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Applications open for Greater Cleveland RTA's new Civilian Oversight Committee

A picture of a GCRTA bus.
Nick Castele
Ideastream Public Media
The Greater Cleveland RTA has opened applications for its new Civilian Oversight Committee, which will review complaints against the transit police department.

The Greater Cleveland RTA is seeking applicants to serve on its new Civilian Oversight Committee. The committee will review complaints filed against transit police and act as an advisory board to the RTA and the police department.

The committee will be comprised of seven Cuyahoga County residents serving three-year terms. They will be tasked with reviewing complaints against the RTA Transit Police Department and making recommendations to the police chief on discipline and policy changes.

Police Chief Dierdre Jones is looking for applicants who don’t hold extreme views on the police and can be impartial towards issues regarding law enforcement.

“We want people we can be unbiased," Jones said. "We want people who can be objective.”

Committee members will also have to complete training on bias free policing, crisis intervention, use of force and constitutional law, so they can make informed decisions and recommendations, Jones said.

According to the RTA, committee members must also "Reflect GCRTA’s customer base and have diverse representation regarding age, sex, race, color, religion, national origin, disability, genetic information, sexual orientation, military status, transit dependence and geography." The only requirement is that one member of the committee is a retired police officer with Ohio Peace Officer Training Academy experience.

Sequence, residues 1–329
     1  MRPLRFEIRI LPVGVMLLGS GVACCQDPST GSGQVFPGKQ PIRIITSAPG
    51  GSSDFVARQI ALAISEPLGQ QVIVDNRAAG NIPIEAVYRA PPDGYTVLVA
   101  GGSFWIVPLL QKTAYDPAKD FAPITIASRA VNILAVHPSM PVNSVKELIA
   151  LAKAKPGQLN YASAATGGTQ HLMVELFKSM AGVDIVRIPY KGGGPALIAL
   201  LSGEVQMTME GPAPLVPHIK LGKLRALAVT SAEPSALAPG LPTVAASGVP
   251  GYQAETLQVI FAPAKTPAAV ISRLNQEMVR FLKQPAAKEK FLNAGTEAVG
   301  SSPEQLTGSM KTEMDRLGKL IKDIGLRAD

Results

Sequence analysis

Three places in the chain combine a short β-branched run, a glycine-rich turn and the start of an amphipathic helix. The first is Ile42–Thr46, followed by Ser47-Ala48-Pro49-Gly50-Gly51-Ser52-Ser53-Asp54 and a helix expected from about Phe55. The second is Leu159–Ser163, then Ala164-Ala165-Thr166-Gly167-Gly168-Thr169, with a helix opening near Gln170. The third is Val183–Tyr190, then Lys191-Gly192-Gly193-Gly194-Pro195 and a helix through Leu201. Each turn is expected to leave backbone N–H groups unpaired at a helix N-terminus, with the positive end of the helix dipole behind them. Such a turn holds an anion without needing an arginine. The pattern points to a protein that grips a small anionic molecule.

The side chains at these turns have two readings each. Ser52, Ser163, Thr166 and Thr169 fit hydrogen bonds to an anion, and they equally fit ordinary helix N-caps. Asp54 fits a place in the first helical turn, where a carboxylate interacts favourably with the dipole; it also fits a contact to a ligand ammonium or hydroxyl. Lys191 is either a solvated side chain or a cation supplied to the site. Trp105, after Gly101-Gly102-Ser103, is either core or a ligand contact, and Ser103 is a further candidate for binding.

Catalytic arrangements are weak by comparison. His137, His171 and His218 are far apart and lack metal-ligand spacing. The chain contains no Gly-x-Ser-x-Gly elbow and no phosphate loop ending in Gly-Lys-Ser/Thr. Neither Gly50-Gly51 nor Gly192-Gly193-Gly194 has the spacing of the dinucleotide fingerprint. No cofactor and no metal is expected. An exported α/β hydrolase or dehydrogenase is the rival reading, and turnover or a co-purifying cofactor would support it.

RTA announced the creation of the committee last August. Jones hopes it will hold the police department accountable to the public.

“I like to think that it gives our stakeholders, who are you know our users of the system, I want them to feel like they have a voice here, and this committee I think gives them that voice," Jones said.

Although the police chief has final say and can disagree with the Civilian Oversight Committee (COC), they would have to articulate why, Jones said.

“Our internal affairs division will do the investigation and turn everything over to the COC. The COC will review it," Jones said. "They may even call their own witnesses. They may do their own in-depth investigations, and then what they’ll do is they’ll make recommendations to the chief.”

The deadline to submit applications is Feb. 24 at 5:00 pm. Inaugural members will serve staggered terms.

Abigail Bottar covers Akron, Canton, Kent and the surrounding areas for Ideastream Public Media.